There is a big debate going on in the UK about whether we should engage with China with the intention of improving human rights in China or should we simply criticise and shun them and try and improve human rights in that country in that way. Some would argue that the rights of Chinese citizens is none of our business.
The first thing which annoys me is that the entire discussion is about the poor record of human rights in China. Nothing has been said about the rights of animals in that country and for me these rights are equally if not more important. Where there are poor human rights there will be even poorer animal rights and that certainly is the case in China where there are no animal welfare laws and the general culture is that if it moves it should be eaten. Although we need to respect the culture of other countries (and I do), when the culture results in extremely poor animal rights them I cannot respect that aspect of the culture.
In the UK, Prince William has used Chinese state television to try and save the tiger and improve the status of wildlife in China. Prince William believes quite rightly that if consumer demand is shut down for animal parts then the animals which provide the parts will be protected. That is the most effective form of wildlife conservation. The Chinese have a particular liking for ivory, rhino horn, tiger parts et cetera. This results in the destruction of these animals in the wild due to poaching. It is a first for a UK royal to lecture the Chinese on one of their state television channels on wildlife conservation. Prince William has a passion for conservation.
In addition, the UK government has decided to engage with China for the purpose of doing business with them. The government is signing up to £30 billions worth of contracts. The intention is to boost the UK economy and at the same time mutually enhance the Chinese economy which is beginning to flag (by their standards). It is a business decision; at the expense, some would say, of human rights. The argument that the UK government will make is that it is easier to improve human rights in China by working with them so that they can see human rights in action in the UK in the hope that some of it rubs off. I would like to see greater emphasis placed on animal rights as well. There is no reason why the government could not have bundled together both human and animal rights as they are, in my mind, one and the same thing.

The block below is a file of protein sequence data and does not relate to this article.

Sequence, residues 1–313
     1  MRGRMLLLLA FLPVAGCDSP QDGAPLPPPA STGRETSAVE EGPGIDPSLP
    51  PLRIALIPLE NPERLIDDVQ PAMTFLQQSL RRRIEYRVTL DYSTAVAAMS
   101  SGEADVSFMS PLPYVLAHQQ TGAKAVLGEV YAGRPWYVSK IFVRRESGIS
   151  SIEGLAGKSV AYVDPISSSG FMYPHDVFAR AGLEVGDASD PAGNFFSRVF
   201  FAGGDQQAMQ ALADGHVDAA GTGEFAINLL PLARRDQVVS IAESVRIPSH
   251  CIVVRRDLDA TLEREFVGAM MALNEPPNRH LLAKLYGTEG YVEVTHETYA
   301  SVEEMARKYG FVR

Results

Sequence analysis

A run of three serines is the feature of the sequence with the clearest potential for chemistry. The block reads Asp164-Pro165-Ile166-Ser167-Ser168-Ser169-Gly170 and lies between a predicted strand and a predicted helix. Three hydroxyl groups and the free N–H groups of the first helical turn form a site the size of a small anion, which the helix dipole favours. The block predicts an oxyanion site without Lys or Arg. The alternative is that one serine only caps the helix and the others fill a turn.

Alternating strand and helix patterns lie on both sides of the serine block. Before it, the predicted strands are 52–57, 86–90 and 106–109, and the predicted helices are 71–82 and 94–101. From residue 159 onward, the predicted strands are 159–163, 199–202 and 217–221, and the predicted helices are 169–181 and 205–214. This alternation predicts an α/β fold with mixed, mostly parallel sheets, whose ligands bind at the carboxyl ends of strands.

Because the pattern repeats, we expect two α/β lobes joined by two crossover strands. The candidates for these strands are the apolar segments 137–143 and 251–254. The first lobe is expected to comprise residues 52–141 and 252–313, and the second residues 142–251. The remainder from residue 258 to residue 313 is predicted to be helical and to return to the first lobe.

In fact, if there was a greater focus on animal rights in China it would also assist in protecting endangered wild species because it would help to change the culture and general attitude towards animals. When animals are protected under the law it has an impact upon the mentality of the citizens of the country. The law can change the culture.
Governments take pragmatic decisions which is obviously a major reason why they decided to engage with China in the area of business in the hope that a pleasant spin-off would be an improvement in human rights. But let’s not kid ourselves: the ultimate aim is simply to improve the economy of both countries because money is more important than taking direct action to improve the rights of the Chinese citizen. However, governments argue that by focusing on and improving the economy better living conditions for the average citizen follows and with that comes, at the end of the day, an improvement in human rights. It takes money to have good human rights.
My opinion for what it is worth is that, in this instance, there is no alternative but to take a pragmatic decision and to engage with China because there is no chance of improving animal and human rights in China from the outside.
Associated: Cat Meat Name and Shame.